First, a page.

Candyland (candyfics) wrote,

  • Music:

Piano Man (CCS)

Title: Piano Man
Fandom: Cardcaptor Sakura
Rating: PG-13
Genre: Drama--songfic
Publish Date: 9/21/2003
Disclaimer: I don't own Cardcaptor Sakura. CLAMP does... *steals Eriol anyway*

It’s nine o’clock on a Saturday
The regular crowd shuffles in
There’s an old man sitting next to me
Making love to his tonic and gin


The snow fell peacefully from the night sky; there was no wind to blow it around. It just fell slowly and evenly, creating a blanket on roads, rooftops, and trees. The sidewalks were slippery, as several pedestrians learned the hard way. It was a quiet night, serene and calm. Not even the sound of a car broke the peaceful silence.

At a lonely intersection on the very edge of the downtown area, it was even more quiet outside. But a pale yellow glow came from inside a small building. It wasn’t really much to look at, but through the window, one could see that there were quite a few people inside. They were sitting around; many of them had glasses in their hands, and were sipping at their drinks slowly.

Though the sign was covered beneath the snow, the view through the front window proved the building to be a bar. It was a Saturday night, and the usual Saturday night crowd had slowly trickled in for their usual Saturday night activities.


He said son, can you play me a memory
I’m not really sure how it goes
But it’s sad and it’s sweet
And I knew it complete
When I wore a younger man’s clothes


When the door swung open, a small bell sounded to alert those within that someone else had arrived. Those already seated around the bar would turn and look at the newcomer, just long enough to size him up, then return to their drinks and whatever thoughts they had. Just one more in a sea of customers, all men, all there with the same general idea.

The bar itself was stretched along a far wall, lined with stools. Behind the bar, a man in a white shirt, black vest, and an apron moved back and forth, keeping his patrons well supplied. Occasionally, when his customers were momentarily satisfied, he would pause, pull out a towel, and clean a few glasses before his attention was once again grabbed by the needs of his customers.

The patrons were scattered around, sitting maybe one or two to a table. A few were engaged in lifeless conversation, but the rest were silent, staring out the window, off into space, or at the surface of their drinks. None of them looked even the least bit happy.

A small stage was set up against a wall. It was just barely big enough to hold the grand piano, stool, and microphone. On occasion, entertainers would go up on the stage and sing or play, but thus far tonight, no one had ventured towards the stage.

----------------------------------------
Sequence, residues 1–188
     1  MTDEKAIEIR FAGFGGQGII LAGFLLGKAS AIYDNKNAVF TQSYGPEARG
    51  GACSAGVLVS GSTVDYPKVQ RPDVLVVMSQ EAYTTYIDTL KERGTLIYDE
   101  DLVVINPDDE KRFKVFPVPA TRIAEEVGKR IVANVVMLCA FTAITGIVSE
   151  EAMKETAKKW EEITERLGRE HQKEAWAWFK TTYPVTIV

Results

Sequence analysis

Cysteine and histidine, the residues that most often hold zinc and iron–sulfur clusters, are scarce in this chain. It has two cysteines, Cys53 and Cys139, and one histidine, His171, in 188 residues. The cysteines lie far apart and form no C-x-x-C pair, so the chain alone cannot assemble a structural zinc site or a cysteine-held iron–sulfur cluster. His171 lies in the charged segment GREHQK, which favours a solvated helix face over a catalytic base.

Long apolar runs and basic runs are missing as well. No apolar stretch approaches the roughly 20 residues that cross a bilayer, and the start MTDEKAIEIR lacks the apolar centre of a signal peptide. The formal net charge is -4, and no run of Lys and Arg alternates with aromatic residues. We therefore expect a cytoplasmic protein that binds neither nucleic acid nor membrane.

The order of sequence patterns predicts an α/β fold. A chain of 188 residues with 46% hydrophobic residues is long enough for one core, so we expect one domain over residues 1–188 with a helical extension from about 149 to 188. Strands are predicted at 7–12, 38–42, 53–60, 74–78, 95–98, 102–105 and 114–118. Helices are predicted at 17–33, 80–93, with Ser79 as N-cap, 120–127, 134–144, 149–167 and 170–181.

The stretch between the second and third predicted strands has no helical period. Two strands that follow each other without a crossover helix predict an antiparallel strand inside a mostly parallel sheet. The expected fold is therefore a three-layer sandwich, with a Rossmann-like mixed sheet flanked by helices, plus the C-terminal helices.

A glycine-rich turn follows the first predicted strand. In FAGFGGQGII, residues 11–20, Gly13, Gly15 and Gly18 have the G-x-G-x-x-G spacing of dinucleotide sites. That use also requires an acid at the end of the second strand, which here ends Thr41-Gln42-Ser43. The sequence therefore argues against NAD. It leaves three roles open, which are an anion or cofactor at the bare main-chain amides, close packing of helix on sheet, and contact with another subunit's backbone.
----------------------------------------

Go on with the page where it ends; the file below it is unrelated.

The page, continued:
With the darkness, the quiet, and the current lack of entertainment, it was indeed a melancholy night for the patrons of the little bar on the corner.


Sing us a song, you’re the piano man
Sing us a song tonight
Well, we’re all in the mood for a melody
And you’ve got us feeling all right


The door swung open suddenly, sending the bell ringing, and a young man strolled in. Everyone lifted their eyes from their drinks long enough to give him an appraising look before returning to their depressed yet studious examinations of the tabletops.

The young man paused in the doorway to shed his coat and brush the snow from it before depositing it on the rack beside the door. He was a good-looking kid, probably about twenty-five, give or take. Dark hair, dark eyes, a face that probably belonged on magazine covers, and a physique that probably made the ladies swoon. He was dressed conservatively—khakis and a blue button-up, open at the color.

He glanced around the room; a few barely visible frown lines crossed his forehead. Then he sighed and easily made his way to the bar. With a fluid grace, he slid onto a bar stool and propped his head up against one hand, leaning his elbow heavily on the bar. His pale face was pink from the chill in the air outside. He looked as bored and tired as everyone else there, even though he was a great deal younger than the majority of the other patrons of the bar.

Once settled on the bar stool, he glanced around again. He peered at the other people through the thin-rimmed glasses settled comfortably on his nose. Once he had taken a seat, no one really seemed to take any further notice of him. It was as though he had vanished into thin air, become invisible to them. He was a ghost amidst ghosts. Society’s ghosts.

There was an old man sitting beside him at the bar, starring into the shallow recesses of the drink he had cupped in both hand. He was muttering something to himself, though it wasn’t quite clear what.

Suddenly, he looked up and shot a surprisingly piercing gaze at the newcomer. “You’re that kid, aren’t ya? The one that plays the piano?”

“Yes, I am.”

“What’s your name, son?”

“Hiiragiziwa. Eriol Hiiragiziwa.”

“That’s one hell of a name.”

“It’s Japanese, sir.”

“Well, son, I think you need to get up there and do some of that piano playing. Make it something good, okay? It’s been a long week and a long life. Do this old man a favor, and play me a memory.”